All of the processors 20 may be identical, if desired. However, the processors 201, 202 and 20N+1 do not require all of the components present in processors 203 -20N and processor 201 contains two components not needed by the other processors. In describing the processors, processor 20N will be described in detail followed by discussion of the differences between that processor and the processors 201, 202 and 20N+.
The processor 20N has five input terminals, a first input terminal 21N, a second input terminal 22N, a third input terminal 23N, a fourth input terminal 24N and a fifth input terminal 25N. Processor 20N also has two output terminals 26N and 27N. Within processor 20N there is a first-in, first-out (FIFO) memory 30N. This memory is coupled to receive and store digital values received at the processor's first input terminal 21N A two-input summing multiplier 32N has one input connected to receive digital values from the first input terminal 21N and has its other input coupled to receive digital values from the second input terminal 22N. The summing multiplier 32N multiplies the complex conjugate of the value received at the input 22N times the value received at the input 21N and accumulates a sum of these products for a number of cycles which is determined by the timing and control system 90. This number of cycles is preferably at least 2N. That complex conjugate is obtained by changing the sign on the Q component value. Thus, the complex conjugate is easily obtained.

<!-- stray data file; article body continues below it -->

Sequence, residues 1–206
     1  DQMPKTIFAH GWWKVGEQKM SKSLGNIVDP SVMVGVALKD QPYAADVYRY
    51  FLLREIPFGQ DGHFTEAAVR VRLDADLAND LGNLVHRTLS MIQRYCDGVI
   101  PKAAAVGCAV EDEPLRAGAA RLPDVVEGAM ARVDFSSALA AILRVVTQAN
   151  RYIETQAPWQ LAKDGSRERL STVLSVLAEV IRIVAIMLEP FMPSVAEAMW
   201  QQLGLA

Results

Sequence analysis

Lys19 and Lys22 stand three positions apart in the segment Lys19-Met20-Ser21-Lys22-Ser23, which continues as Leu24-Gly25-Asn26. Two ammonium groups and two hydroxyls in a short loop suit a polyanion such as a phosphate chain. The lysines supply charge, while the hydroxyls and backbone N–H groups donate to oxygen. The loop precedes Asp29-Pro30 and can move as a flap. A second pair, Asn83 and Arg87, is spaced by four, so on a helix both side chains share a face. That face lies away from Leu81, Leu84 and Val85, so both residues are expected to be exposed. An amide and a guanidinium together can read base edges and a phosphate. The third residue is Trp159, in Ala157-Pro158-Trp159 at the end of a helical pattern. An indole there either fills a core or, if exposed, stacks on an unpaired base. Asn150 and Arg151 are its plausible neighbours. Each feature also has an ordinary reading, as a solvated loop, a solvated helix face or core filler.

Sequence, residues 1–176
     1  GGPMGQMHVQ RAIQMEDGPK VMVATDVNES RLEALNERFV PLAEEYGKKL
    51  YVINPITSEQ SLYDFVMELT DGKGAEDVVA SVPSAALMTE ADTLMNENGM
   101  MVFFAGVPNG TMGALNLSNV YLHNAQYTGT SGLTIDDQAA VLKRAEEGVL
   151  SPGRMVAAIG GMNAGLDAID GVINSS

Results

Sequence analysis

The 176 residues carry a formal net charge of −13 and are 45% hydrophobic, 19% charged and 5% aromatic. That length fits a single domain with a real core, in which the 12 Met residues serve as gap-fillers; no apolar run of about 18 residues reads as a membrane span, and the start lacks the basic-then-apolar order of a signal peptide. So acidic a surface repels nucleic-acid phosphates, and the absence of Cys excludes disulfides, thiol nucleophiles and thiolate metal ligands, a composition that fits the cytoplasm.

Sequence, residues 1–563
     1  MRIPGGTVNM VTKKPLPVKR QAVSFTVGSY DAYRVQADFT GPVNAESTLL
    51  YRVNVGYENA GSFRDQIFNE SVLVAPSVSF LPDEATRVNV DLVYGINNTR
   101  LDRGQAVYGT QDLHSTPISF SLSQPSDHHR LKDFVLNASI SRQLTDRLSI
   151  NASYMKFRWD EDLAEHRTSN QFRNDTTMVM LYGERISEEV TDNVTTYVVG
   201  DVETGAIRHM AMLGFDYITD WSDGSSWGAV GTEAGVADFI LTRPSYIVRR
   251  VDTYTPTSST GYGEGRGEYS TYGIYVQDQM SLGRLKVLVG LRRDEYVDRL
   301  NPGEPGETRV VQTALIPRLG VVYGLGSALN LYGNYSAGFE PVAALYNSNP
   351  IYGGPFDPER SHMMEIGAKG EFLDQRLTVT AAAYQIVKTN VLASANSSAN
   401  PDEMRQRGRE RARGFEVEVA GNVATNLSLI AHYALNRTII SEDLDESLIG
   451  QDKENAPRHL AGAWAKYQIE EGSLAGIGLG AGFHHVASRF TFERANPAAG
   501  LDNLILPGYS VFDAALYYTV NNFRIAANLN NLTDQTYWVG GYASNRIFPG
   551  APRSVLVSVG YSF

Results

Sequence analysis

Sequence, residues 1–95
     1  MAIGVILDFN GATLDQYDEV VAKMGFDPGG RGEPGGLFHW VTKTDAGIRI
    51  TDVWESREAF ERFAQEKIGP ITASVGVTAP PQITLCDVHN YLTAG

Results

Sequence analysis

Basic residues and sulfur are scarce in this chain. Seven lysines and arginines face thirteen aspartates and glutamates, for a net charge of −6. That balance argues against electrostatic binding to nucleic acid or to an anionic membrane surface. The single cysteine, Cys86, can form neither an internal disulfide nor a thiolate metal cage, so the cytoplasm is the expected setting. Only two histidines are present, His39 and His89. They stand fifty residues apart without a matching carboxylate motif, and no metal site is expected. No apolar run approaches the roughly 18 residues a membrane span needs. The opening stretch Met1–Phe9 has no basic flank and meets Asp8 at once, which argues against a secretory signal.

A multiplier 34N has a first input terminal connected to receive as its input the sum of the products which is provided by summing multiplier 32N. The multiplier 34N has its other input coupled to receive digital values from the third input terminal 23N. The output of the multiplier 34N is a correlation coefficient Lij. In the notation in this specification, the subscripts i and j on the correlation coefficients Lij are the column index and the row index, respectively, in the prior art matrix which must be inverted to arrive at the weights. It will be noted, that this column index i, then row index j order is the reverse of normal matrix notation. The present notation is utilized because as has been discussed, the traditional nomenclature for Lij indices associates them with the position in the prior art triangular array of processors of the processor which produces the value Lij. It will be noted that i>j for all of these Lij 's.